Castellammare del Golfo, Sicily
We spent two days and nights in Cagliari, during which time we got to know it quite well. There is a smart colonnaded street along the harbour, Via Roma, behind which the town climbs to a Citadel on top of a hill. The walled city, known as the Castello, was built by the Pisans, who controlled the city, in the mid 1200’s, and they were succeeded by the Spanish Aragonese in 1297. The Spanish dominion lasted for the next 400 years. Only important Spanish officials were allowed to live in the Castello. At dusk a bell was rung, and all Sards had to leave the city. Now it is shabby but atmospheric. When the front door of one of the houses opens you see a grand entrance hall with a wide, winding staircase and a courtyard with a fountain at its centre.
Our son Rory joined us on Friday. We had a drink in a bar on the ramparts overlooking the Mediterranean, then dinner in the Ristorante Italia on Via Sardegna, a very good one where Ian had lunched with the Honorary Consul to Sardinia, Andrew Graham, earlier in the day. The restaurant is decorated in an elegant, rustic style, with antique farming implements from the Sardinian countryside decorating the walls. Sardinian food is delicious, like Italian, but spicier, flavoured with saffron and chillies.
After a night at anchor on the far east of the island, we set off at first light for the passage to Sicily. The sea was flat and calm, like sapphire-coloured glass. We saw dozens of turtles, large and small, lime green jellyfish the size of dinner plates, and a whale. Rory said it was like being on safari. We were close enough to the turtles to see their gorgeous tortoiseshell backs, and some of the larger ones had birds perching on them, and we were close enough to the whale to identify it as a sperm whale and saw it’s trefoil shaped tail as it dived into the water. There was a fabulous sunset, the sky and sea turning first pink, and then purple and after everything went dark, at about 10.30 pm, we saw the lights of a large ship coming up behind us, and identified her as our old friend, QE2. As she passed us three miles away on our port beam, Ian called her on the ship’s radio and the following conversation took place:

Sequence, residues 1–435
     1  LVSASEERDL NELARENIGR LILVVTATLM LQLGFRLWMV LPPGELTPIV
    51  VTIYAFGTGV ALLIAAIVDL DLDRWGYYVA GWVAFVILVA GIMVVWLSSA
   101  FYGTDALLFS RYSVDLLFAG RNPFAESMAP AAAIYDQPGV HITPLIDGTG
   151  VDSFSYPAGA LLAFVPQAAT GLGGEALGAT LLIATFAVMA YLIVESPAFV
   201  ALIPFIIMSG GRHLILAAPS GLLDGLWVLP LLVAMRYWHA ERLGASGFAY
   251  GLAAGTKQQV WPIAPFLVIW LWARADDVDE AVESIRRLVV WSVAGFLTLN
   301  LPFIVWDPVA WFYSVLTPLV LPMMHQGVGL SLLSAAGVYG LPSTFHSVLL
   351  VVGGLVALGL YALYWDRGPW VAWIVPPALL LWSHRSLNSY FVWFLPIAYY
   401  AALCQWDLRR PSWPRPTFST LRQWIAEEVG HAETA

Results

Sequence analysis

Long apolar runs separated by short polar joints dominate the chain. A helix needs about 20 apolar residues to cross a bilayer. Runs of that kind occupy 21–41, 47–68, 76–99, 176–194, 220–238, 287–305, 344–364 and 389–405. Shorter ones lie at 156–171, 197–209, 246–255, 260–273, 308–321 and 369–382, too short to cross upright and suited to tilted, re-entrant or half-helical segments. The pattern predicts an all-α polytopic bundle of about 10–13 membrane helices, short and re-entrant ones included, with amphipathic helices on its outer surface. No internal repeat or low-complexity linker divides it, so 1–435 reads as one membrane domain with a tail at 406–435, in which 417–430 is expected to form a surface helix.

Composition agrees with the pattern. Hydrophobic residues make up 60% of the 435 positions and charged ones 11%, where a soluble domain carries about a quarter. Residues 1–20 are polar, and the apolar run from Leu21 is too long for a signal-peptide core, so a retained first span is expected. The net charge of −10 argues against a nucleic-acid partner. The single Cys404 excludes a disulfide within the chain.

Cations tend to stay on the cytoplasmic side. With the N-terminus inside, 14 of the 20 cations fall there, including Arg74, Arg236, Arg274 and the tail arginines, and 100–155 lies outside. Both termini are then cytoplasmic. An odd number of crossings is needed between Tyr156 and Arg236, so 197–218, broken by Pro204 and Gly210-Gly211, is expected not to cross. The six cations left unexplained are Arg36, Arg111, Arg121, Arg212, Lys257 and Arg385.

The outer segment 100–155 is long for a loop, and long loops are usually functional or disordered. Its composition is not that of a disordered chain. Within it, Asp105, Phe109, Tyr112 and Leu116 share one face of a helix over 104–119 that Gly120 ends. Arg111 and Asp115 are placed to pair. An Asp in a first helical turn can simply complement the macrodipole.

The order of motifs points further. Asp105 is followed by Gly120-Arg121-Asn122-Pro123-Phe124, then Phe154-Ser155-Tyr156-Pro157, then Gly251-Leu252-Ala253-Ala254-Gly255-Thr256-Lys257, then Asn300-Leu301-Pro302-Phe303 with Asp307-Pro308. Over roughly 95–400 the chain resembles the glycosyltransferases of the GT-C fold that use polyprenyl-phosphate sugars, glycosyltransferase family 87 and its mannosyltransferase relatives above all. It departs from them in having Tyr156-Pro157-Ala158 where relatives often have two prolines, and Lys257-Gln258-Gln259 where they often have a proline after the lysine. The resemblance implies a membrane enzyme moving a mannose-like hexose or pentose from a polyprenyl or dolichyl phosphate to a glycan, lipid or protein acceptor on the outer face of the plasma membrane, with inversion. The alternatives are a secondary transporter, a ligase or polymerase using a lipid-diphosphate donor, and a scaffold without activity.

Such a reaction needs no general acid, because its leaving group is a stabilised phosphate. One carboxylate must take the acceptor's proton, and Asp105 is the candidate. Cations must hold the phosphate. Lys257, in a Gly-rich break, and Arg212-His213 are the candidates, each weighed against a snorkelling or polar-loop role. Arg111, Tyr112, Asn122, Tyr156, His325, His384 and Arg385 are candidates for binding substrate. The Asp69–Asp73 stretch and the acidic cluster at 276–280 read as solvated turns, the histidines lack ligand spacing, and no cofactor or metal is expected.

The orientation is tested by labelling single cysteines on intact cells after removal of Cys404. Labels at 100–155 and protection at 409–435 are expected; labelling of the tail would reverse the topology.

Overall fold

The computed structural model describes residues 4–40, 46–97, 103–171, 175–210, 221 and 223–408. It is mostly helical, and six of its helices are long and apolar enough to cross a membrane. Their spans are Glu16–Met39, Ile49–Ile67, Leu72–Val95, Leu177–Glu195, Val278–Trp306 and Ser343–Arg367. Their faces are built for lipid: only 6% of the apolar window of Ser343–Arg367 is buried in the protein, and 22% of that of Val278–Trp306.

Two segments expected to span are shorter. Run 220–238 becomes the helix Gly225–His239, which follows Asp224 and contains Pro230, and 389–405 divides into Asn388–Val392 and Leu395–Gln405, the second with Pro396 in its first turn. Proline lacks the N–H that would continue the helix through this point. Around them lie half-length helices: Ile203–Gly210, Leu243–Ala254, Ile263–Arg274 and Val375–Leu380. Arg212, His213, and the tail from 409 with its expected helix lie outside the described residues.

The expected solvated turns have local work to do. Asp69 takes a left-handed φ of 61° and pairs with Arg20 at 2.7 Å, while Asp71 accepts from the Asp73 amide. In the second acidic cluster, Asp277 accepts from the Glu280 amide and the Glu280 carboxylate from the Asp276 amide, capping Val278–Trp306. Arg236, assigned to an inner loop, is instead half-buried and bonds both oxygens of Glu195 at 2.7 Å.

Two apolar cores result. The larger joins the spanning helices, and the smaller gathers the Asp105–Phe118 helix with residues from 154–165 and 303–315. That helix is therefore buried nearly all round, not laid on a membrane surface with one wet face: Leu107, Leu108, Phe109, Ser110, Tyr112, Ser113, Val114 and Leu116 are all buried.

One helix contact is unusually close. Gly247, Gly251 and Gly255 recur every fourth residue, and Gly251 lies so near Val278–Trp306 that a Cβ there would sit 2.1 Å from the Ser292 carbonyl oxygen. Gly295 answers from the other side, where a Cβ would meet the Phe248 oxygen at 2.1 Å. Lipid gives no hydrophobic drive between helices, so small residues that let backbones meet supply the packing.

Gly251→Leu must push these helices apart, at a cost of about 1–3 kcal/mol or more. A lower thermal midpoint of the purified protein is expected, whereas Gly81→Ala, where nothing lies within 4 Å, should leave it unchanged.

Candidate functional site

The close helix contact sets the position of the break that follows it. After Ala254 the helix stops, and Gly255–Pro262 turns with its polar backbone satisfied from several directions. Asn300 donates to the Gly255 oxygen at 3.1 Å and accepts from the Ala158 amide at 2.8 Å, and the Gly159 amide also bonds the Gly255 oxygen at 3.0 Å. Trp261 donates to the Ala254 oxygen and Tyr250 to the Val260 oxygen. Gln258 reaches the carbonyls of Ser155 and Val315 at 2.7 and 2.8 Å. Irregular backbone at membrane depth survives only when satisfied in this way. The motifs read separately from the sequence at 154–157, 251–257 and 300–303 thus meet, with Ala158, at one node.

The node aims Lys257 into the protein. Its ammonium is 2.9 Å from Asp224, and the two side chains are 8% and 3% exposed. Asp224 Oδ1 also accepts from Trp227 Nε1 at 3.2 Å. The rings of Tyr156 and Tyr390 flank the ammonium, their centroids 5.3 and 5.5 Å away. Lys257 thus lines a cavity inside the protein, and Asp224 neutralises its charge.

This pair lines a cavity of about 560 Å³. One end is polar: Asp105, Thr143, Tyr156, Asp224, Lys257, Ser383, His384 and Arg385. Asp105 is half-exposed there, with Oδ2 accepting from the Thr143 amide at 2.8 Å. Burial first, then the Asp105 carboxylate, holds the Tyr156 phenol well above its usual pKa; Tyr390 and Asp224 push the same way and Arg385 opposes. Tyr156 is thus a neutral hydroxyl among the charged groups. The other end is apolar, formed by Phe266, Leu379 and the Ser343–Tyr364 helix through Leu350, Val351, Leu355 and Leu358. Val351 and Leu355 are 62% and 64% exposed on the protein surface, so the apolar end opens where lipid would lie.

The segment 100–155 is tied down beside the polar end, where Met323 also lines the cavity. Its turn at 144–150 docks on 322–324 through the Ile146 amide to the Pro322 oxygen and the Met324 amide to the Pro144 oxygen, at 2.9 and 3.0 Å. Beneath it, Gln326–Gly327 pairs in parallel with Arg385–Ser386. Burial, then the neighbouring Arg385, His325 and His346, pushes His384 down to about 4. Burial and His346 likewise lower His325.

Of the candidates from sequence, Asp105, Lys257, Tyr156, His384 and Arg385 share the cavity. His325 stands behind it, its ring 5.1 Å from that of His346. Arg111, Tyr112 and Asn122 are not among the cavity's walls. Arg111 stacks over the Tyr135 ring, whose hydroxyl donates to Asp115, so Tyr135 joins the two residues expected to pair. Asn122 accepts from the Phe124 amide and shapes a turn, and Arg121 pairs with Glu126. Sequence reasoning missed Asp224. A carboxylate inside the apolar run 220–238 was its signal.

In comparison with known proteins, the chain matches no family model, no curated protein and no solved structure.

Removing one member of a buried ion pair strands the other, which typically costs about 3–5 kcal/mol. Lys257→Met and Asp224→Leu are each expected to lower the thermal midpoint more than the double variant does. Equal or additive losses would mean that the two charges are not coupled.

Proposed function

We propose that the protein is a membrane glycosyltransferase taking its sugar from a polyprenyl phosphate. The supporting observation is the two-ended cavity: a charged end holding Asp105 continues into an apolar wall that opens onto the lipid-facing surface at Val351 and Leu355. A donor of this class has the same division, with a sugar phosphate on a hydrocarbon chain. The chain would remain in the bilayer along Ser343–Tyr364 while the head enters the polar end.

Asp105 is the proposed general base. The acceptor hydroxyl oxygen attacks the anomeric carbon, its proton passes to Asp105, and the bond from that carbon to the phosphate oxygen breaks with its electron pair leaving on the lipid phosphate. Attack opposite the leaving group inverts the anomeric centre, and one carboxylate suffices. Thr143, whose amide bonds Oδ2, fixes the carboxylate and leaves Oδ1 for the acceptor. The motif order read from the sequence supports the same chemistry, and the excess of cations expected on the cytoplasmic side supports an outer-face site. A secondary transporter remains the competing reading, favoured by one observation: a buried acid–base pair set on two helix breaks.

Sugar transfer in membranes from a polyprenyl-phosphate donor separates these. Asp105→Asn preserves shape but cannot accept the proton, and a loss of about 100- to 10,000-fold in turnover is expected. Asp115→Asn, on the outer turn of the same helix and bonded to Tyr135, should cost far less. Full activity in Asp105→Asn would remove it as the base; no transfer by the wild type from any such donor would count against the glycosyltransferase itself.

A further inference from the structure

“Queen Elizabeth 2, Queen Elizabeth 2, this is Vasco da Gama, Vasco da Gama, over.”
“Vasco da Gama this is Queen Elizabeth 2, channel 6 please”
“Channel 6. Queen Elizabeth 2 this is Vasco da Gama. We are the sailing yacht three miles on your starboard beam. We just wanted to say what a privilege it is to be sailing alongside you on such a dark and starry night, over.”
“Vasco da Gama, thanks for that. It’s always nice for us to hear a friendly voice. Where are you heading, over?”
“We are overnight from Sardinia to Sicily. Last time we saw you was on our way down through Biscay in horrible weather in the middle of June. We thought you were coming out of Bilbao. We had read that you were starting a new career in Dubai, but here you are, so what are your plans, over?”
“We are completing our summer programme here in the Mediterranean, then heading for Dubai in November. Right now we are heading for Piraeus, and the Straits of Messina for early morning. And you, after Sicily, over?”
“We are for India, but slowly. Maybe next time we will see you will be in Dubai, over.”
“Well I hope we will see you again. I sailed around here myself in the 80’s, a great cruising ground, over”
“Well thanks for that, and best wishes to you from the three souls on board Vasco da Gama, out from us.”
“And we have 2800 souls on board and ‘fair winds’ to you from all of us on QE2. Out.”
And with that the two ships in the night passed and plied their separate ways.
We arrived in Sicily at 4 pm on Monday. So far the island has surpassed all our expectations. Rory went back to London last night. The next report will be from Palermo.